A drink in the Clipper, as the Sydenham Arms became, was always an experience, even if I was never as glamourous as the woman in the red dress. My grandfather, a sailor, far from his Essex home would almost certainly have known The Sydenham Arms and enjoyed all that Union Street had to offer.

The mural can be seen in its original location 63, Union Street, Plymouth. Currently the property is a Community Cafe.

Home

https://www.jmlondon.com/product-category/vincent-bennett/

The link above is to a gallery website.

Pandemic Pondering #164

Layers is the prompt word for the Art Group today. This photo was taken during a Drawing Day at Kelly House, Lifton. A house that has been lived in by the same family for over 900 years has the most exquisite textures. 60% of us live in the same house for 15 years but only 10% for 25 years. 900 years is an astonishing amount of time even though more than one person has had to make that decision to stay. Imagine how interesting the domestic clutter must be at Kelly House, the layers of familial bric-a-brac. Recycle, repurpose and Reuse has a whole new depth when there is 900 years of things that will come in useful, stored away in cupboards.

By comparison our layers @theoldmortuary are miniscule there is nothing here older than three generations. Four generations if you include old photographs.

I’ve recently been digging through a box that holds some of these layers, while looking for a lost spare car key. The digital age and its minimalism side effect will diminish the amount of clutter or stuff that we leave behind. The things I found gave me such pleasure, I’m not sure less layers is a good thing.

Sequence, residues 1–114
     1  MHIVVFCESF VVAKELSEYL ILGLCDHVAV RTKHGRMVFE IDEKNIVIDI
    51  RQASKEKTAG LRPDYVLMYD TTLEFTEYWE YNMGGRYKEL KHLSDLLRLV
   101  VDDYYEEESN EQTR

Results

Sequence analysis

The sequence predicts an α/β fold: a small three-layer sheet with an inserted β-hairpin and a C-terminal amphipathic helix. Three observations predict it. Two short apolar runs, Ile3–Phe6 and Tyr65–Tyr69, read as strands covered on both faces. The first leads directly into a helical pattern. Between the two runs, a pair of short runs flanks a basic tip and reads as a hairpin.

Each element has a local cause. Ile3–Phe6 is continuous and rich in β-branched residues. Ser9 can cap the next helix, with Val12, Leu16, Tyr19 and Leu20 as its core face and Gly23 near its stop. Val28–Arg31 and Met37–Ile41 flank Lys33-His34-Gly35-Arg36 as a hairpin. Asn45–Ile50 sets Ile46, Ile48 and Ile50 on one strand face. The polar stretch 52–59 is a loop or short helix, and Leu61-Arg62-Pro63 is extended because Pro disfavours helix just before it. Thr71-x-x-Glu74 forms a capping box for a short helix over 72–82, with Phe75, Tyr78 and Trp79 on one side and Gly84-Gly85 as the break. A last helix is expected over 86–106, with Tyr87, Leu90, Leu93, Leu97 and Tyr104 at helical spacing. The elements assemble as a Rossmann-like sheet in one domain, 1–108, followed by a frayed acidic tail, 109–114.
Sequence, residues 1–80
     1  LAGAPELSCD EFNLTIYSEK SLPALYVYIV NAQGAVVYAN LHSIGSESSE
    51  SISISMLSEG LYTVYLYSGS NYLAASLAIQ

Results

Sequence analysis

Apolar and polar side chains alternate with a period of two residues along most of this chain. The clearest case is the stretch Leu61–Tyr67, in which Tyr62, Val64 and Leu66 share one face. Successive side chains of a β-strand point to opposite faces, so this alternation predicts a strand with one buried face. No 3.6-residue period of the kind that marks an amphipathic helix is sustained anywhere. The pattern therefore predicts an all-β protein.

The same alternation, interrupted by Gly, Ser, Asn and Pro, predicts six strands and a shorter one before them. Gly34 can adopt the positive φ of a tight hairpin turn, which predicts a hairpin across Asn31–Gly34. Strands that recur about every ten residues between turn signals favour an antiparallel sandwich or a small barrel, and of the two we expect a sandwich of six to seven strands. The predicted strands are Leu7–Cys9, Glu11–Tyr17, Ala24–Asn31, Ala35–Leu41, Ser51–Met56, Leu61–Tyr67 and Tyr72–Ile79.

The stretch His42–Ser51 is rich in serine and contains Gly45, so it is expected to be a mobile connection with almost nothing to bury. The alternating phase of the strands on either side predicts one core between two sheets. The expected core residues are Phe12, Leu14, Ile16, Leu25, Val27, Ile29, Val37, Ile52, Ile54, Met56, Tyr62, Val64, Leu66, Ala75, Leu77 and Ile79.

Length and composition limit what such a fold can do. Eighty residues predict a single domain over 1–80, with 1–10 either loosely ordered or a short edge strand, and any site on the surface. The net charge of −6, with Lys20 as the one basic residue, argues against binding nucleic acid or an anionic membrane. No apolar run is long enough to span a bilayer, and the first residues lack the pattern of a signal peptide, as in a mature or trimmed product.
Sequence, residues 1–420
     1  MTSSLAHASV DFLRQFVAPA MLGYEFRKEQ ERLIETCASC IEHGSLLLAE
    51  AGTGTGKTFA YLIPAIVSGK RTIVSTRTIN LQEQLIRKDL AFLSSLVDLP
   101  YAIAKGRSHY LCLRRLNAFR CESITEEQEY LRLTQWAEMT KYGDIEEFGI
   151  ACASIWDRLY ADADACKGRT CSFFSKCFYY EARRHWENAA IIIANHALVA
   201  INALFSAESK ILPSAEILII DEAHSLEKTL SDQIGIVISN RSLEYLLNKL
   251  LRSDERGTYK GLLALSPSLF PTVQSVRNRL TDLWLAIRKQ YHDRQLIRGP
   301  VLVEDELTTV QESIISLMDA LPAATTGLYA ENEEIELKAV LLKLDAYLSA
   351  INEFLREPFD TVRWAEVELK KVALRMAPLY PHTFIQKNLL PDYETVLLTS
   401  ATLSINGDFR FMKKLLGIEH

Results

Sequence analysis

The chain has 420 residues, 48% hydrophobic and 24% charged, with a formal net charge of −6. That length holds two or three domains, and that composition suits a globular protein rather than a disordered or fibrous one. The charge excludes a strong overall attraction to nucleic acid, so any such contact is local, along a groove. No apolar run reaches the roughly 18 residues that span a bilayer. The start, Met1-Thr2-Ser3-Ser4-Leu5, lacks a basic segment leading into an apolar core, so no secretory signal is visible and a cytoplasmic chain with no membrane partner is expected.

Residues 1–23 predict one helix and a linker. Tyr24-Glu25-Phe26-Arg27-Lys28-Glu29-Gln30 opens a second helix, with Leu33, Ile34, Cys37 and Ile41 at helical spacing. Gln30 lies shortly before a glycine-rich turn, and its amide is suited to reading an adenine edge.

Leave some layers.

Braintree Shakespear Players 1947. Keith and Raymond

Pandemic Pondering #88 told a story.

This black and white image is part of it.

Pandemic Pondering #161

Print is the prompt word for the Art Group.Printing is Dirty work and I absolutely love to do it. There has not been enough printing in my life.My fish are a popular print.But on the whole I do not do anywhere near enough printing.I should do more , it was a printed piece of work that was exhibited at Tate Modern.Note to self, spend more time printing.Fine Art printing is one thing but written word printing is a whole other world. Bringing Pandemic Pondering to the written word brings me to The Mayflower and the postponed anniversary celebrationsLocally in Plymouth , England 2020 was set to be a hugely significant year. 400 years since the sailing of the Mayflower and the founding of America. Events were planned all over the place. The Pandemic has delayed celebrations.Printing is the key to this date,not the arrival of settlers.The Mayflower was not the first ship to deliver Europeans to America in search of a different life. What made the date of the arrival of the Mayflower significant was the signing of a printed document. The Mayflower Compact. 2020 is the 400th anniversary of the signing of that document. The actual date of arrival of the first European migrants to The New World is unknown. The 400th anniversary had, in reality, already been missed so postponing the party for a year is regrettable financially but not historically a problem of accuracy.https://www.mayflower400uk.org/education/the-mayflower-story/Printing can also make us laugh.